<world name='default'> ... <plugin name="ros_link_attacher_plugin" filename="libgazebo_ros_link_attacher.so" /> ... </world>
This has already been done in our example world. If we start
world.launch and list the available services, we are also going to see those offered by the plugin.
> rosservice list /link_attacher_node/attach /link_attacher_node/detach ...
How the plugin works is, given two links in a certain configuration, a joint is created that locks the two together. In other words, the initial poses of the links matter. This means we need to control the relative pose between the two links (and by extension, models), before we call the attach service.
Here is the plan for attaching the marker to the robot. We’ll use a script to make a few service calls. The script will pause the simulation, get the current pose of the robot, compute the pose of the marker based on the robot pose, spawn the marker in that pose, attach the marker to the robot, and finally resume the simulation. We are pausing the simulation, so that we know that nothing moves while we are in the process of attaching the marker to the robot. You can find this script in
spawn_marker_on_robot in the
We are implementing this process in a node so that we can launch the node along with the rest of the robot bringup. The node will wait for the robot to show up, spawn and attach the marker, and then exit. To see this in action, you can run the
patrols.launch once again, but this time with the
has_marker parameter enabled. It will launch the same two turtlebot3 burger robots, but with two markers on top of them.
> roslaunch grobot_bringup patrols.launch has_marker:=true
We are done with the gazebo topics for today. It’s now time for a fun application. We will make a waffle robot follow a burger robot with a marker. The waffle version of turtlebot3 has a depth camera which also publishes RGB images. If we start
navigation.launch and give a goal to the robot, we can observe the live stream from the camera in the bottom left corner of rviz. We will use this camera to perceive the burger robot in the environment, and then try to follow it. Let’s consider what needs to go into this experiment. We have to:
- spawn a waffle robot
- spawn a burger robot, with a marker, that patrols an area
- be able to detect an ArUco marker in an image and get its transformation
- have a controller which implements a closed loop system that uses marker transformations as feedback in order to make the robot behave as described
We have already dealt with the first two points. What about detecting ArUco markers? For this, we will use the
aruco_detect package. aruco_detect subscribes to a camera topic, and looks for markers in the images it receives. If a marker is detected, the node publishes its 3D transformation. All we have to do is provide the right parameter values for our own setup, and then the node will do the rest. Beware that the node is quite resource-intensive, and combined with gazebo, they will starve your computer.
<node name="aruco_detect" pkg="aruco_detect" type="aruco_detect"> <param name="image_transport" value="compressed" /> <param name="publish_images" value="true" /> <param name="fiducial_len" value="0.15" /> <param name="dictionary" value="0" /> <param name="do_pose_estimation" value="true" /> <param name="ignore_fiducials" value="" /> <param name="fiducial_len_override" value="" /> <remap from="/camera/compressed" to="/camera/rgb/image_raw/compressed" /> <remap from="/camera_info" to="/camera/rgb/camera_info" /> </node>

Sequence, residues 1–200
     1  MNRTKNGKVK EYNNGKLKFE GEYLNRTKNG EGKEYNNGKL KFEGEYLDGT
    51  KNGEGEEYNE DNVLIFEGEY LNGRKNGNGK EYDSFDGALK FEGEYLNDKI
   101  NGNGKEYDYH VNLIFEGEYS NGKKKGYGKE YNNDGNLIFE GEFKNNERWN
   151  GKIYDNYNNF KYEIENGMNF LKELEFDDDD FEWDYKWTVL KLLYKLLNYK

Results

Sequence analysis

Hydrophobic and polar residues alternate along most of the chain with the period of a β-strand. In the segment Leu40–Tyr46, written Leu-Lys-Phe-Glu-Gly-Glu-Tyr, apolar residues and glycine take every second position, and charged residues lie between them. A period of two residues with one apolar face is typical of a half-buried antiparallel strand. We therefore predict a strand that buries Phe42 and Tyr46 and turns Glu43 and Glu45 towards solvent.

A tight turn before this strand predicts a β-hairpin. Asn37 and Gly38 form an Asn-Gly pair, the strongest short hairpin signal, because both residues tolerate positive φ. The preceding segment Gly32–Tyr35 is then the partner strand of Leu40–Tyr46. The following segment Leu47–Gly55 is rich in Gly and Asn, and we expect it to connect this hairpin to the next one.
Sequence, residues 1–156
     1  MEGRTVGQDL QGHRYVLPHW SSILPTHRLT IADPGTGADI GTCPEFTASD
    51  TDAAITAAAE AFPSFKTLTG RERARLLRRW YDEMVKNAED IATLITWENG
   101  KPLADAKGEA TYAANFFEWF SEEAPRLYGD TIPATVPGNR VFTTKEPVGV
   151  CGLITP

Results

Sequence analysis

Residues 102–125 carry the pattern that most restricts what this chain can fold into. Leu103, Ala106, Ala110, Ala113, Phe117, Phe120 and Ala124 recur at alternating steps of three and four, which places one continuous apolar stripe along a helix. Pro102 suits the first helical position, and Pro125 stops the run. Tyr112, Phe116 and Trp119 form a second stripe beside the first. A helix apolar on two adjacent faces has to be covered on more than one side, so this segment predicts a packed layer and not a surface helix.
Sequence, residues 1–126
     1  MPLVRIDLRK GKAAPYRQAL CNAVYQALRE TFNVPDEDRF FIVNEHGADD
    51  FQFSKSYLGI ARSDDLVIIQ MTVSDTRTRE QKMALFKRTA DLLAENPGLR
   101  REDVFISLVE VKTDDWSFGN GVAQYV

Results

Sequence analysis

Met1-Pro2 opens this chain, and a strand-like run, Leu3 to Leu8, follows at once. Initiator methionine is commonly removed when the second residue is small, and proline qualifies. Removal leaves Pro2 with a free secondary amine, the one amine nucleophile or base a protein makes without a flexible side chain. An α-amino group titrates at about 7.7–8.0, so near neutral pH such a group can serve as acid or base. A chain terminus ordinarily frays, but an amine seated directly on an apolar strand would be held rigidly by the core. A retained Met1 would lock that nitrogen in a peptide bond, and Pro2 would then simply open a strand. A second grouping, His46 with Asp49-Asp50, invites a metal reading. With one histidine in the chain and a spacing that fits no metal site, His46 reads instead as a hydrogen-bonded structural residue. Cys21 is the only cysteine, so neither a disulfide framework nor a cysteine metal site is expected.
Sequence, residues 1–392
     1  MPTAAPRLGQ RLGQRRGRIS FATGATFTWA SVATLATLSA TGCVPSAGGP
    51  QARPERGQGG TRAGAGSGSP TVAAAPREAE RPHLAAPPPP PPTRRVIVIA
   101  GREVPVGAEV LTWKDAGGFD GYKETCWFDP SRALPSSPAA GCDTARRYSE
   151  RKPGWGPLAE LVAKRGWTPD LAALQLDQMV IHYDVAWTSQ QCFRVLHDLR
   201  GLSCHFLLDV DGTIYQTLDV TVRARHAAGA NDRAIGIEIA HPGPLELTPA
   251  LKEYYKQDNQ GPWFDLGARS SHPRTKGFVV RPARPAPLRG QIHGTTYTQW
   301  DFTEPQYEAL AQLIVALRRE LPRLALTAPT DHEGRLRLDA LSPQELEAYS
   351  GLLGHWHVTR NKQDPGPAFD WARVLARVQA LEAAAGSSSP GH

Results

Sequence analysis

In our case, aruco_detect has been configured to listen to
sensor_msgs/Image messages and publish
/fiducial_transforms. A fiducial transform message contains a marker id and a 3D transformation that tells the position and orientation of the marker with respect to the camera.
Last but not least, we need to figure out how we are going to control the robot. The goal of our control algorithm is to maintain a certain pose relative to a given target. The idea of vision-based control is about driving a robot with visual feedback. We will use the extracted information from the camera images to control the robot. So, for every fiducial transformations message, our control loop will act as follows:
- if marker is not detected
- if enough time has passed, start exploration
- if marker is detected
- if exploration is in progress, cancel exploration
- compute global navigation goal
- send navigation goal
To follow a target, we need to first see the target. If the target is not in the camera’s field of view, we cannot just stay idle, as it might never show up. So we need to start exploring the space. We will consider two simple approaches:
- move to a vantage point where we can expect the target to appear
- rotate in place 360 degrees to observe the space all around
Given that we see the marker, and we have its transformation, , we need to compute the navigation goal, , for the robot. The marker transformation is in the camera frame. We need to first express it in the robot frame, and then the map frame. The robot to camera transformation, , is defined by the URDF of the robot. The map to robot transformation, , is estimated by localization.
tf can do all these calculations, and give us the marker in the map frame, . Then, we only need to apply the marker to target transformation, which is defined by us, to get the desired pose of the robot.
move_base has two interfaces for sending navigation goals. One is a topic,
move_base_simple/goal, and the other is an action,
move_base. We use the topic to continuously send goals as we receive marker transformations. But we use the action when doing exploration so that we have some feedback. In the case of the ‘rotate’ exploration, for example, we want to keep going as long as we don’t see the marker. For that, we need to know when the robot has reached the commanded orientation so that we send the next one.
What was discussed is implemented in the
follow_marker node in
grobot_navigation. To see it all in action, you can run the
visual_servoing.launch with your preferred exploration strategy.
> roslaunch grobot_bringup visual_servoing.launch exploration_strategy:=move_to_target > # or > roslaunch grobot_bringup visual_servoing.launch exploration_strategy:=rotate
It doesn’t take long to notice that the approach is unreliable. The robot frequently loses track of the marker. The problem is that we are giving a goal to the robot and letting it freely navigate. In this example, we implemented our algorithm as an application on top of move_base. In a real scenario, we would have to integrate our additional requirements into the navigation planner. The goal would be to make sure that the robot keeps track of the marker and to optimize its trajectories by anticipating where the marker is going to be.
We’ve seen how we can create and configure multiple resources in a simulation. We’ve worked on an application where we controlled a robot with input from a camera and had it follow a marker. The result was inadequate, but it showcases that by combining gazebo and ROS, we get a platform where we have all the freedom we need to experiment. So, what are you going to try next?